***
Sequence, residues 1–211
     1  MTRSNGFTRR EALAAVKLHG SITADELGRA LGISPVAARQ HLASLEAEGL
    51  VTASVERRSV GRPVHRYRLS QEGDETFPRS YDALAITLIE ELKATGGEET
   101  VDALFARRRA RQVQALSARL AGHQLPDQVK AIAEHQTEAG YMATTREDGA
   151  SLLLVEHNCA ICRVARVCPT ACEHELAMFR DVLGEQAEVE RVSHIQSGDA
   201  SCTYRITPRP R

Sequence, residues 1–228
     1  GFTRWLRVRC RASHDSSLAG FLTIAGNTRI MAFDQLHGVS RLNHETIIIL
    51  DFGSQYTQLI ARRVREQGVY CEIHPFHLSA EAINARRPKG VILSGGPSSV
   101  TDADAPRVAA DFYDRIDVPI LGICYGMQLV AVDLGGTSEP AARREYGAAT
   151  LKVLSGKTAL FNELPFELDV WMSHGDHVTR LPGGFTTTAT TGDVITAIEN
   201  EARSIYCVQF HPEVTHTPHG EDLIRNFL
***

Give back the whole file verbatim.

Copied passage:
Sequence, residues 1–211
     1  MTRSNGFTRR EALAAVKLHG SITADELGRA LGISPVAARQ HLASLEAEGL
    51  VTASVERRSV GRPVHRYRLS QEGDETFPRS YDALAITLIE ELKATGGEET
   101  VDALFARRRA RQVQALSARL AGHQLPDQVK AIAEHQTEAG YMATTREDGA
   151  SLLLVEHNCA ICRVARVCPT ACEHELAMFR DVLGEQAEVE RVSHIQSGDA
   201  SCTYRITPRP R

Sequence, residues 1–228
     1  GFTRWLRVRC RASHDSSLAG FLTIAGNTRI MAFDQLHGVS RLNHETIIIL
    51  DFGSQYTQLI ARRVREQGVY CEIHPFHLSA EAINARRPKG VILSGGPSSV
   101  TDADAPRVAA DFYDRIDVPI LGICYGMQLV AVDLGGTSEP AARREYGAAT
   151  LKVLSGKTAL FNELPFELDV WMSHGDHVTR LPGGFTTTAT TGDVITAIEN
   201  EARSIYCVQF HPEVTHTPHG EDLIRNFL